The United States Special Operations forces are increasingly targeting usable intelligence when going after mid-to-senior level ISIS members in an effort to gain an edge in the war against the shadowy terrorist organization.

A raid in April to capture Abdurakhmon Uzbeki, a close confidante, and associate of Abu Bakr al-Baghdadi. Uzbeki however, didn’t allow himself to be taken alive and died in a shootout with US commandos.

But the intelligence gleaned from cell phones, laptops and other small devices taken in that raid and another in January is proving very valuable to US intelligence agencies as they learn what makes the organization function. And they provide better intelligence to plan future operations against the Islamic State.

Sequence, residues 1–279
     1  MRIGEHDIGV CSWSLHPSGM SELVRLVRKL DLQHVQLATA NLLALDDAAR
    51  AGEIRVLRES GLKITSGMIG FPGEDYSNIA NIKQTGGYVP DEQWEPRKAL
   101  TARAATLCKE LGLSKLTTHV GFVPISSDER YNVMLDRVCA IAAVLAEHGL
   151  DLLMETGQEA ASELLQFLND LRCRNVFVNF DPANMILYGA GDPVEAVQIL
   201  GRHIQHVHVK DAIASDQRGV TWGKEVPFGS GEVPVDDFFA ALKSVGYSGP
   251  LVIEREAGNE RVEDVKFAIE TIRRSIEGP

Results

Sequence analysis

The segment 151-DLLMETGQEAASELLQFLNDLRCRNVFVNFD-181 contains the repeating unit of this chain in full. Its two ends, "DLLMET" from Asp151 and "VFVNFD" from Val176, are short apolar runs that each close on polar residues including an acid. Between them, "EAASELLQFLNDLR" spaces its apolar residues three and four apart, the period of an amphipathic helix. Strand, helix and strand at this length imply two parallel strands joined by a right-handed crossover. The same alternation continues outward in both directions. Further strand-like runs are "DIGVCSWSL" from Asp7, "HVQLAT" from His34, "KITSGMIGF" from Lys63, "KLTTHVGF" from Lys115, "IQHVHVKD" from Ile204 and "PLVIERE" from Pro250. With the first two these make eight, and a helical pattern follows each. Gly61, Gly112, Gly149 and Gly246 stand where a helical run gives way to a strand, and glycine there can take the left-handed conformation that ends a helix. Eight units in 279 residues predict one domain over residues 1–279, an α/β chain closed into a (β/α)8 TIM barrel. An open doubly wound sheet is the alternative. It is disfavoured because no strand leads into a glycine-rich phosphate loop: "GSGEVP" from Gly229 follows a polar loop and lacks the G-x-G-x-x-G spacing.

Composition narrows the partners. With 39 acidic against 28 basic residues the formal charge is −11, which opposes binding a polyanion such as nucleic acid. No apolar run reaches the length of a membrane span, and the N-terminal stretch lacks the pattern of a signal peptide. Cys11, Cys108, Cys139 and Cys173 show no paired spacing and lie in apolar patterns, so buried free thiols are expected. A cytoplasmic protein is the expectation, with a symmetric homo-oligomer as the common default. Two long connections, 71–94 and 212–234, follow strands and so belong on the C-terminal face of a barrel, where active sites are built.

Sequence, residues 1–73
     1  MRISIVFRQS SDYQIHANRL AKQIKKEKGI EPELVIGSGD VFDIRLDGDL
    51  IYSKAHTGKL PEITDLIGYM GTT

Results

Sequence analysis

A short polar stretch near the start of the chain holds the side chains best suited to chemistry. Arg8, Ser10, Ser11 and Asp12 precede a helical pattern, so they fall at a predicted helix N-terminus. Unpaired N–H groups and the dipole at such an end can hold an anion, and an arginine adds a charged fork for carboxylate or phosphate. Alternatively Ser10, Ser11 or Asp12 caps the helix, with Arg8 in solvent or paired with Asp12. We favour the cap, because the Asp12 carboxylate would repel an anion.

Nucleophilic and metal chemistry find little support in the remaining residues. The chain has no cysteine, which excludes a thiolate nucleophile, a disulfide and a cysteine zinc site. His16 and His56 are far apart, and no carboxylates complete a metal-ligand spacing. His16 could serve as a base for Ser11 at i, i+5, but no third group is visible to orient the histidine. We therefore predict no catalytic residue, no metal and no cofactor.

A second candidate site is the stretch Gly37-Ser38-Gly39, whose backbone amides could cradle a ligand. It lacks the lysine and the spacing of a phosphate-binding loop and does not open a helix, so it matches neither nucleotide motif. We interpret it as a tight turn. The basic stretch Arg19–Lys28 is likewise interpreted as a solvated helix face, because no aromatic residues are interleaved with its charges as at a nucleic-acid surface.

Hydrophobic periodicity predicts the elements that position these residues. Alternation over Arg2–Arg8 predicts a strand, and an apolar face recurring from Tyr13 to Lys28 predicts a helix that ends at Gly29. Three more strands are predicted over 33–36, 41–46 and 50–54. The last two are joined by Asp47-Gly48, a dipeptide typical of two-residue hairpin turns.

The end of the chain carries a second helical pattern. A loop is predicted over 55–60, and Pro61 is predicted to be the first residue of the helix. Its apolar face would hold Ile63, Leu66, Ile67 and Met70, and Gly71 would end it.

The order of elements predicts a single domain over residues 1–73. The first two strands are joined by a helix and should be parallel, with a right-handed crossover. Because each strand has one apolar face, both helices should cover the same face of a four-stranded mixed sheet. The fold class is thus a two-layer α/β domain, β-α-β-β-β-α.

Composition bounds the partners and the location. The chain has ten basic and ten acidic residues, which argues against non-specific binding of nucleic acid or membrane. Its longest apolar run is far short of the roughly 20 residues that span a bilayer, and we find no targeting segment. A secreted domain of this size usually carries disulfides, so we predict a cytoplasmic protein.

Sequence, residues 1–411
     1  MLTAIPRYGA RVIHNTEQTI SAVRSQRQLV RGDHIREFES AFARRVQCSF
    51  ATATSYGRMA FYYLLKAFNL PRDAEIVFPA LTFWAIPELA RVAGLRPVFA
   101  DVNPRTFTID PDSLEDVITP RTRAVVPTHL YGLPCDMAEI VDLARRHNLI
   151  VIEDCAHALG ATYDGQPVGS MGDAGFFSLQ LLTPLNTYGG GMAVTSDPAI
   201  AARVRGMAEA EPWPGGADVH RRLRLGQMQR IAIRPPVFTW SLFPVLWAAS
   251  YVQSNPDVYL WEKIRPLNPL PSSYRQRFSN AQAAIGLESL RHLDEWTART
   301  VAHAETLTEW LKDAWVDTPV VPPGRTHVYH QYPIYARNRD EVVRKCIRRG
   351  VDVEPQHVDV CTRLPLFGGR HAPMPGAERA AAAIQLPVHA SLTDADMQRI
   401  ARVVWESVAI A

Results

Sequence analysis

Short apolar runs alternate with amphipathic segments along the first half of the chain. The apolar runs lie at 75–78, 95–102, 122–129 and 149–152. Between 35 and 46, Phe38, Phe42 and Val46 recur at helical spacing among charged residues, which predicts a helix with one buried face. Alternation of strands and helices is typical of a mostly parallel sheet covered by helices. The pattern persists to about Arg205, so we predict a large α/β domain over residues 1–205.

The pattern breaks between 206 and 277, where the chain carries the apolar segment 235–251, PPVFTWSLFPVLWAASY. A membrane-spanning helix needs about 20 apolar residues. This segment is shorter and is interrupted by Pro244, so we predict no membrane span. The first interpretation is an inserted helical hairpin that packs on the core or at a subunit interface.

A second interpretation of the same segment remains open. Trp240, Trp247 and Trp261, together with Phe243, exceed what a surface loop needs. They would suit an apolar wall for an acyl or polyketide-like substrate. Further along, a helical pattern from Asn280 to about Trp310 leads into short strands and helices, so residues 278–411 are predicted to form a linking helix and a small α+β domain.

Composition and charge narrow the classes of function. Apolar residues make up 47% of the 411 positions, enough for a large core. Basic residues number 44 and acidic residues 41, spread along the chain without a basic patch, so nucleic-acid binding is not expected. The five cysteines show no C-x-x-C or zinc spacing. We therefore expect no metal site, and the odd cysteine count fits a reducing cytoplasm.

“If we can scoop somebody up with their cellphones and diaries, it can really speed up the demise of a terrorist group like ISIS, said Dell L. Dailey, a retired commander of the military’s Joint Special Operations Command and the Chairman for the Combating Terrorism Center at West Point.

While the Islamic State is far from defeated, their safe, staging areas and self-proclaimed caliphates in Iraq and Syria and being taken away from them as the US and coalition forces drive them out a small piece at a time.

Uzbeki was targeted for his extensive planning into terrorist operations around the world including the deadly Istanbul attack on New Year’s Eve. US Central Command’s John H. Thomas told the press that he helped move funds and fighters around the world as well as being a close associate of al-Baghdadi.

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The information revealed in the captured cellphones, laptops and other materials yield important intelligence on the terrorist group’s leadership structure, financial operations, and security measures. It would have been an even bigger boost if the US could have captured the terrorist leaders and tried to extract information for them.

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Photos Courtesy: DOD